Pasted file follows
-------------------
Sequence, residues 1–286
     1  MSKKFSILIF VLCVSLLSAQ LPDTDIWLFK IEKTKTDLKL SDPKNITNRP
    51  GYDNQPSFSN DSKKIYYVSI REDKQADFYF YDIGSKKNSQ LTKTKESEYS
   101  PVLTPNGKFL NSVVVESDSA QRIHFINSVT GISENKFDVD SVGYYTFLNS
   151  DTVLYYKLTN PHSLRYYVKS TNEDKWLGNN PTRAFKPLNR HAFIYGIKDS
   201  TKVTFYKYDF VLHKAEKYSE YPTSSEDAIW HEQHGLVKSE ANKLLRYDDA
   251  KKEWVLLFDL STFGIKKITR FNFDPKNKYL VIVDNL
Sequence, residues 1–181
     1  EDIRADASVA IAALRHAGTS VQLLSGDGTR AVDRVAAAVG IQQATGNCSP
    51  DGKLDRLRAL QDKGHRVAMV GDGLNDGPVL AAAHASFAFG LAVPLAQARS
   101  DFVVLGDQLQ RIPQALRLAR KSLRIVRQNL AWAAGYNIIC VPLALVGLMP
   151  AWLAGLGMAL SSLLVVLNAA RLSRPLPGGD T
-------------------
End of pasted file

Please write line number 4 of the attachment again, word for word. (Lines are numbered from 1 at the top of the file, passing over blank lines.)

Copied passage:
   101  PVLTPNGKFL NSVVVESDSA QRIHFINSVT GISENKFDVD SVGYYTFLNS